2. Preparing the workspace

After you’ve acquired all the needed tools, the next step is to prepare the workspace. Since you’ll be dealing with molten metal and an open flame, it’s extremely important to take the necessary precautions and ensure your safety

First, you should focus on where you’ll be soldering. A sturdy table covered with a protective layer is the best way to avoid damaging its surface. Some of the best options we recommend are aluminum, big wooden blocks, and big ceramic tiles that have to be secured so they don’t move during the process.

Next, you should ensure there aren’t any flammable materials nearby. We recommend not having any objects within a 3-foot radius to avoid damaging them with the torch. Plus, having a well-ventilated area is a must, so take the time to decide on the ideal place.

After you’ve secured the space, it’s also important to practice personal safety. Thus, investing in safety glasses and an apron will protect your eyes and body. 

3. Preparing the jewelry pieces

Before you start soldering, you should always prepare the jewelry pieces. If your accessories have been worn and appear oily, clean them with a degreasing solution. You can use various household items, including baking soda, vinegar, lemon juice, and toothpaste.

Then, you can use sandpaper on the surface you’re about to join to make it rougher and easier to solder. If you notice any oxidation on the silver jewelry’s surface, consider placing it in the pickle to achieve a more desirable outcome.

4. Applying flux

The next step is to apply the flux. Depending on the flux you’ve purchased, it’s important to follow any instructions included in the packaging. 

As mentioned, if you’ve chosen a paste product, you’re supposed to apply it with a small brush. Most people only cover the area where the solder will be present to prevent it from flowing in the wrong direction. More experienced jewelry workers may apply the flax in a wider area to prevent fire damage, but you should avoid this if you don’t have any prior experience.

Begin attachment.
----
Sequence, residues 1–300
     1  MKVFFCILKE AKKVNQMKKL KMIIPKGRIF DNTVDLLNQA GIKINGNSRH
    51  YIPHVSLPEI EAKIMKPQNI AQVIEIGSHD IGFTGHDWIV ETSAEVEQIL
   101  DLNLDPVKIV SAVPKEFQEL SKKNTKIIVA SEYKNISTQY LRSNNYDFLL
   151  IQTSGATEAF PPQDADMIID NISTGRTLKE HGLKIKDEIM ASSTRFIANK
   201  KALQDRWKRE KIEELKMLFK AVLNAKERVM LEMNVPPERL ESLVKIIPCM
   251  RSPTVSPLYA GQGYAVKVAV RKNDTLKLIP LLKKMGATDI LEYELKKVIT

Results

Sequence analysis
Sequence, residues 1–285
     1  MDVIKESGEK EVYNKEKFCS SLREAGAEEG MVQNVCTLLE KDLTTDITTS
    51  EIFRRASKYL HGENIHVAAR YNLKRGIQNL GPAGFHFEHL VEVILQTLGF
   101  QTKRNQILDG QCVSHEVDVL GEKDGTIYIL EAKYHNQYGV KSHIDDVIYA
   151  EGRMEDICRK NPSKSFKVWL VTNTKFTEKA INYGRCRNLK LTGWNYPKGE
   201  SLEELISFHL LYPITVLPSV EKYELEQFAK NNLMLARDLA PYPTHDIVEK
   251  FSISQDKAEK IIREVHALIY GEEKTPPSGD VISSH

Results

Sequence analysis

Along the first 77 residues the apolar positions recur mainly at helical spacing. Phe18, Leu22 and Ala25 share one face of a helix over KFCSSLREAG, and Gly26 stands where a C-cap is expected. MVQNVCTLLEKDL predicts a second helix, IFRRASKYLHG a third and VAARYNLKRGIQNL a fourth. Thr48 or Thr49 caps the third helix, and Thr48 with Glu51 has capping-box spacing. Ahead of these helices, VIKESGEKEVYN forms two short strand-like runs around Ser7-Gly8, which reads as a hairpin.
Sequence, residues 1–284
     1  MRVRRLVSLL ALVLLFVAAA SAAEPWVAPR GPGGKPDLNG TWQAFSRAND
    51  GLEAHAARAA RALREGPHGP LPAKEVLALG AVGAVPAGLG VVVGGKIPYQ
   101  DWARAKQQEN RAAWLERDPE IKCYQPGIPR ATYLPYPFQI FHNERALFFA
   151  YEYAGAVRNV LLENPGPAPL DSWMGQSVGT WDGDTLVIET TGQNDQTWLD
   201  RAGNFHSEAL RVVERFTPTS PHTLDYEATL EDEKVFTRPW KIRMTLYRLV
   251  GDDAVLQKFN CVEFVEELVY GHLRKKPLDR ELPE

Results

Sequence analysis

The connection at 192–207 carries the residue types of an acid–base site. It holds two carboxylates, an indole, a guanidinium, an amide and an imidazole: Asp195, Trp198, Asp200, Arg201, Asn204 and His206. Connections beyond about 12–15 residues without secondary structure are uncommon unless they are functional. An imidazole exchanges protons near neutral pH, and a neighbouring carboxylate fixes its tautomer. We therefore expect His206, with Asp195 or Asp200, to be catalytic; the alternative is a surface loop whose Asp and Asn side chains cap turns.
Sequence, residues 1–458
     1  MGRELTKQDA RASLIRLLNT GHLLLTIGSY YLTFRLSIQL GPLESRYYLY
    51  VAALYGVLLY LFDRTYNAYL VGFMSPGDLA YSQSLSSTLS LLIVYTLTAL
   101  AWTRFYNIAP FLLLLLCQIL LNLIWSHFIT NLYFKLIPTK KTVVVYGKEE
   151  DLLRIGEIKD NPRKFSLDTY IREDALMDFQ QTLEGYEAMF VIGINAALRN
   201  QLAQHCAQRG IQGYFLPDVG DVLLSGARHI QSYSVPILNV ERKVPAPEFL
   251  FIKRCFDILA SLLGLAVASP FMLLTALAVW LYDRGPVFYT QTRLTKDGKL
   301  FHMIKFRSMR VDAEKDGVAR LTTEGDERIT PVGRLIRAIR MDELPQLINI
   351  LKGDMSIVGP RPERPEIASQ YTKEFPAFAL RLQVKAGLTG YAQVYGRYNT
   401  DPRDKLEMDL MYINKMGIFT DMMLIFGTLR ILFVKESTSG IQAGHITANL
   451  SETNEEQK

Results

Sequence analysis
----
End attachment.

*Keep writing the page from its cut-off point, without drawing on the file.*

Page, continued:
Pro-tip: Put a small amount of this product in a separate container to avoid contaminating the original packaging.

5. Heating and soldering

Now that you’ve taken the necessary precautions, you can begin the heating and soldering process. Before turning on the torch, ensure that the two silver pieces are positioned to be easily soldered. Then, take the tweezers and add solder to the gap or crack you want to join.

Once the solder is placed as you wish, you begin heating it with the torch. Remember that when the solder begins melting, it’ll be drawn to the area where the flux was applied. Therefore, you don’t have to apply heat throughout the entire item.

It’s important to hold it with the tweezers to heat the silver jewelry without burning yourself. Then, you adjust the torch to the maximum heat and slowly start turning the silver chain link or ring in circles to heat the components evenly. The ideal distance to hold the torch is around 4 inches from the joint for the best results.

If you notice the sterling silver isn’t heating up, don’t be scared to move the torch flame closer. Remember that your goal is to heat the jewelry, not the solder itself. If one of the items is thicker, heat it longer from the back to even them out. 

Heating and soldering
Source: shutterstock.com / Photo Contributor: Pat JARR

6. Cooling and cleaning

Once you’ve finished soldering, allow the silver jewelry enough time to cool down. If you want to accelerate this process, you can quickly cool it down in a water container.

Then, you can take out your copper thongs and carefully lower the jewelry into the pickle solution. Be careful not to get any acid on your skin, clothes, or additional tools to prevent damage. This step will clean the silver jewelry from any leftover flux and oxidation. 

When thoroughly cleaned, rinse the silver accessory with water once more and dry it with a clean cloth. And voila! You’ve finished your first soldering project.


After discovering how to solder silver jewelry, remember that this process requires undisturbed focus and attention to detail. Before starting your first soldering project, invest in all the needed equipment. Besides the soldering tools, ensure you have protective gear such as safety glasses and an apron.

Keep in mind that soldering requires handling hot objects and melting solder, so you have to be careful. Overall, it might be best to contact a professional jeweler if you want to achieve the best results and avoid the DIY struggle. 

Jesús  is the founder and designer of JewelryLab. He is the Head of Design and also oversees production, quality control, and precious metal sourcing.